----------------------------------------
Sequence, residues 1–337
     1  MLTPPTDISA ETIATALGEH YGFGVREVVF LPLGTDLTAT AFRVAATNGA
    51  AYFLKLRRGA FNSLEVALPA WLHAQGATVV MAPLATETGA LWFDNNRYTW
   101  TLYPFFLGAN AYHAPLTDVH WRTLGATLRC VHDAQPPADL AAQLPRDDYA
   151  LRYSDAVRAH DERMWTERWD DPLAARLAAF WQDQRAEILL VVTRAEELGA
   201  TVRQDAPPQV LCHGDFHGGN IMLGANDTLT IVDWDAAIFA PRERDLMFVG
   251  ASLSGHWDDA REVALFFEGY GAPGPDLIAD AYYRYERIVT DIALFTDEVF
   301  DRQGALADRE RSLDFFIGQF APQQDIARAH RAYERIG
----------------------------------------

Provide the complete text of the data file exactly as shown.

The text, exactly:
Sequence, residues 1–337
     1  MLTPPTDISA ETIATALGEH YGFGVREVVF LPLGTDLTAT AFRVAATNGA
    51  AYFLKLRRGA FNSLEVALPA WLHAQGATVV MAPLATETGA LWFDNNRYTW
   101  TLYPFFLGAN AYHAPLTDVH WRTLGATLRC VHDAQPPADL AAQLPRDDYA
   151  LRYSDAVRAH DERMWTERWD DPLAARLAAF WQDQRAEILL VVTRAEELGA
   201  TVRQDAPPQV LCHGDFHGGN IMLGANDTLT IVDWDAAIFA PRERDLMFVG
   251  ASLSGHWDDA REVALFFEGY GAPGPDLIAD AYYRYERIVT DIALFTDEVF
   301  DRQGALADRE RSLDFFIGQF APQQDIARAH RAYERIG